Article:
This week we’re looking at the letter of James, which is all about the temptation to be double-minded: trying to be friends with God and friends with the world. (See Monday’s post if you missed the intro to the series, as it’s foundational for all of the others.) Today we look at James 1:12-18.
Back in the opening verses of the letter, James said that “the testing of your faith” (the temptation to be double-minded) produces perseverance. Here (sounding a bit like his brother in The Sermon on the Mount) he describes the person who perseveres when their faith is so tested as “blessed.”1:12 Blessed is the one who perseveres under trial because, having stood the test, that person will receive the crown of life that the Lord has promised to those who love him.
The “blessedness” that results from perseverance is described as “the crown of life,” probably using the image of a victory crown or wreath that the winner of an athletics contest received. If we persevere as single-minded friends of God, a gold medal is (metaphorically) up for grabs.
James is using the language of sporting contest and struggle for a reason. (It was common in the ancient world, as it is now – how often do we describe business using sports metaphors? Team players prepared to do the hard yards, putting some runs on the board, on the ropes but fighting back, etc.) In sport, overcoming adversity is courageous, adversity is expected as part of the contest, and winning makes the effort worth it. So, too, is our struggle for single-minded loyalty to God. Trials shouldn’t be seen as a negative, but as “pure joy,” because they give us the opportunity to display our loyalty, as we saw a couple of days ago in verse 2.
This positive view of temptation-as-opportunity could, however, give rise to the conclusion that God is the one who tempts us. James is quick to get onto the front foot to defend against this:1:13 When tempted, no one should say, “God is tempting me.” For God cannot be tempted by evil, nor does he tempt anyone;
He seems to be echoing a Jewish wisdom writing popular among those Jews scattered across the Mediterranean. This is significant, as the wider context is about human sin as a result of human choice:Sirach 15:11-15 Do not say, ‘It was the Lord’s doing that I fell away’; for he does not do what he hates. 12 Do not say, ‘It was he who led me astray’; for he has no need of the sinful. 13 The Lord hates all abominations; such things are not loved by those who fear him. 14 It was he who created humankind in the beginning, and he left them in the power of their own free choice. 15 If you choose, you can keep the commandments, and to act faithfully is a matter of your own choice.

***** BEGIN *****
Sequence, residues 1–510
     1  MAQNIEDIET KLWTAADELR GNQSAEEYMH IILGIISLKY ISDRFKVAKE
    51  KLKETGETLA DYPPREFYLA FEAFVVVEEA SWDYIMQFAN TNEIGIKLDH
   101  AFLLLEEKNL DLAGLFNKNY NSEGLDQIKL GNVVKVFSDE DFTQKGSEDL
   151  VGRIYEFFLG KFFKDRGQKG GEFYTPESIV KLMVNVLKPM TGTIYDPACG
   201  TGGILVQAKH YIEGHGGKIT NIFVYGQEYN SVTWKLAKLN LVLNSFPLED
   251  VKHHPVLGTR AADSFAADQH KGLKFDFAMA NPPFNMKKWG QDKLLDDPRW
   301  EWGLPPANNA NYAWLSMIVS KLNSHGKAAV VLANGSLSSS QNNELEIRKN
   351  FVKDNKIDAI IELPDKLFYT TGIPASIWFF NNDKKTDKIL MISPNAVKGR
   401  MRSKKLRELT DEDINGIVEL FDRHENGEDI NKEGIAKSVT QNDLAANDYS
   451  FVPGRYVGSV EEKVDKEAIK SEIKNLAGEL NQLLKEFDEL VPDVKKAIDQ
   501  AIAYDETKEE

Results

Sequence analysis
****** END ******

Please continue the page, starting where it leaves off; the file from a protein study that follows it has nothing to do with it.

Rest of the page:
James describes how this choice to sin happens:1:14-15 …but each person is tempted when they are dragged away by their own evil desire and enticed. 15 Then, after desire has conceived, it gives birth to sin; and sin, when it is full-grown, gives birth to death.
That is, our desire to do evil (or “sinful nature” as Paul would put it) is what tempts us, not God. That desire “entices” us – just like the desire to gain wisdom by eating from the tree of knowledge of good and evil – to repeat the pattern of Adam and Eve in the garden. The result of which is not the crown of life (verse 12), but its opposite – death.
The implication, then, is to resist evil desires to avoid giving birth to sin and death. But more on this when we get to chapter 4.1:16 Don’t be deceived, my dear brothers and sisters.
Don’t be deceived (like Eve was). Know that God only gives good things (not temptations):1:17 Every good and perfect gift is from above, coming down from the Father of the heavenly lights, who does not change like shifting shadows.
The Genesis echoes continue, with God described as “the Father of the heavenly lights” – the creator of the sun and moon. And unlike the length of sunlight each day, or the phases of the moon, God doesn’t change. (See Witherington, Letters and Homilies for Jewish Christians, p435.)
What good gifts does God give?1:18 He chose to give us birth through the word of truth, that we might be a kind of firstfruits of all he created.
There’s a contrast here between evil desires and God:
- Evil desires give birth to sin and lead to death.
- God gives birth to a people who might be the firstfruits (“downpayment”) of his new creation.
Which one are you going to choose? Evil desires or God? Death or new life? Friendship with the world or friendship with God?
Except James doesn’t even have to ask the question, because the choice is obvious.
To think about
What is your attitude to temptation? Does it fit with how James wants us to see it?
What are the “evil desires” that give birth to sin in your life? Do you take responsibility for them, or do you seek to deflect the blame onto something or someone else (other people, or even God)?
Is my daily life reflecting the choice I’ve made to be friends with God?